Because most lens materials are formed using monomers and cross-linking agents, which have electrostatic charges associated therewith, proteins, which also have charge distributions, are attracted to the lens. This can cause the lens to turn yellow in color and can reduce the corrective effects of the lens. Such a lens is not sufficiently biocompatible for extended use.

Because the anterior segment (the surface of the front of the eye, including the cornea) of the human eye does not receive adequate blood flow to supply it with oxygen and to remove carbon dioxide, the eye must have sufficient exposure to air to remain in a healthful condition. Thus, a contact lens must have sufficient permeability to the passage of oxygen to maintain good eye health. Permeability, DK, typically is measured in units of Barrers, where D is the diffusion coefficient, and K is the solubility coefficient. A contact lens should have a permeability, or a DK, of at least 100 Barrers to be suitable for extended use.

The contact lens material also must not pose a health risk and not cause an allergic reaction. The lens also must be sufficiently lightweight to be comfortable to wear and to avoid ocular strain. It is also necessary to be of the appropriate size to function properly and to be comfortable. The lens must also have the proper specific gravity so that the lens does not move around on the eye by floating on the tear film. The lens must also be of sufficient flexibility to conform to the eye surface and be resilient enough for a user of the lens to handle the lens without tearing or scratching. The lens also must have the proper thickness so as not to cause discomfort during blinking or to reduce the blink rate.

Contact lenses can be manufactured using several methods, including lathe cutting, spin casting, and cast molding. In a lathe-cutting process, a polymeric material is polymerized into rod-shaped stock material, that is cut into buttons and mounted in a lathe where it is cut into a lens. In the spin-casting method, reactive polymeric materials are placed in a mold which is rotated. The reactive liquids polymerize to form a solid contact lens. By varying the speed of rotation, the optics of the lens can be varied. In the cast-molding process, reactive monomeric material is placed into a mold. The mold is then cast, and the monomer polymerizes forming a solid lens. The optics of the lens are adjusted by varying the shape of the mold.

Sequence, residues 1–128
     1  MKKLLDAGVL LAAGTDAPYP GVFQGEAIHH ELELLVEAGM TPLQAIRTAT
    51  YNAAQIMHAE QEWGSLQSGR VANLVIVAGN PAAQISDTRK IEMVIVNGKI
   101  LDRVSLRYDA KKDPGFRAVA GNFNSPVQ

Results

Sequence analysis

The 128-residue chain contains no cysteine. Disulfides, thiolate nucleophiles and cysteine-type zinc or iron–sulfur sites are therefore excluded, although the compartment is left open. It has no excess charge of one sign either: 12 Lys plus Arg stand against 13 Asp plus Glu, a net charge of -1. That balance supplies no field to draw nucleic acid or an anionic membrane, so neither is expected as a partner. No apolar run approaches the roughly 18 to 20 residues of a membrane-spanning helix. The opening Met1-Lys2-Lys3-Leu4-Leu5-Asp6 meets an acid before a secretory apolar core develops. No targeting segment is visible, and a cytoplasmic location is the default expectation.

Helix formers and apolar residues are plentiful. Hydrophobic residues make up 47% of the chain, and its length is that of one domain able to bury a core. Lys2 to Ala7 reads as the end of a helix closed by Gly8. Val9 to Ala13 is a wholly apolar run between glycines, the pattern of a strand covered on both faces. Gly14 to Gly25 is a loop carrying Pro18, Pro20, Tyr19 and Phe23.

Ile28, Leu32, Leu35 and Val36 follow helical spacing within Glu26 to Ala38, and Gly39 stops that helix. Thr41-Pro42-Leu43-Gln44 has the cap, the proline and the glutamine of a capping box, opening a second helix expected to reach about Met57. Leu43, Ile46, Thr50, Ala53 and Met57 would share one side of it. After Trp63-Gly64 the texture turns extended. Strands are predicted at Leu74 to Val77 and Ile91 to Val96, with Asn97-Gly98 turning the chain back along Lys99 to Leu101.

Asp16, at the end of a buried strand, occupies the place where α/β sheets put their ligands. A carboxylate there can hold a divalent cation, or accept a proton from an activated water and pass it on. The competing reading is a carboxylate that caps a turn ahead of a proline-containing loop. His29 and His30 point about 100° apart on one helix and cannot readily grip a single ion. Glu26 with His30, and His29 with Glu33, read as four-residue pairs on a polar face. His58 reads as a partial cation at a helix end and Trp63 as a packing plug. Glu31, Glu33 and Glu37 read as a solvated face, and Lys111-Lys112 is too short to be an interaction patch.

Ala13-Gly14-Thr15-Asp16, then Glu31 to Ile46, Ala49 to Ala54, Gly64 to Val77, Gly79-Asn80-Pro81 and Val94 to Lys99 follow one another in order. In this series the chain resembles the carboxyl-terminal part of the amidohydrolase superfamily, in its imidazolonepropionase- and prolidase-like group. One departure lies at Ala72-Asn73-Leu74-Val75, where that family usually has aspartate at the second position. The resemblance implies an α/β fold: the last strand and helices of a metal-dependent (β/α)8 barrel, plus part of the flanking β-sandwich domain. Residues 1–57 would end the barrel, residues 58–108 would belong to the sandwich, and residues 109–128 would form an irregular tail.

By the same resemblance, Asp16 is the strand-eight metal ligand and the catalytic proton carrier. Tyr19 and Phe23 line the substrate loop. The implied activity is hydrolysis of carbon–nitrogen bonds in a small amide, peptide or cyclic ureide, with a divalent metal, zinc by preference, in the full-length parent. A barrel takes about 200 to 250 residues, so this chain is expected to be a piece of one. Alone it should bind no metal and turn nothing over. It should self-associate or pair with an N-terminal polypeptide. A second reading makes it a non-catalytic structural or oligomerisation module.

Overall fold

All prior art contact lens materials have an amorphous, three-dimensional cross-linked polymer matrix. Hard contact lens materials typically are polymers below their glass transition temperature and include very little or no water. Soft contact lenses are typically made from polymers above their glass transition temperature and have relatively high water content.

DETAILED DESCRIPTION OF THE INVENTION

The contact lens of the present invention is formed from a material containing microbial cellulose (MC). In a preferred form of the invention, the MC may be obtained by biosynthesis through the bacteria of the genus Gluconacetobacter. Until recently, this microorganism was known as Acetobacter xylinum. However, the phylogeny of acetic acid bacteria, of which Acetobacter xylinum is a member, was corrected in 1998 based upon the sequences of 16S ribosomal RNA, and the subgenus Gluconobacter was elevated to the generic level. In addition, the original spelling, Gluconoacetobacter [sic], has been corrected in accordance with Rule 61 on the occasion of validation to Gluconacetobacter. Acetobacter xylinus has been transferred to the genus Gluconacetobacter and is now recognized as Gluconacetobacter xylinus (G. xylinus). Microbial cellulose derived from G. xylinus is a preferred material for forming contact lenses.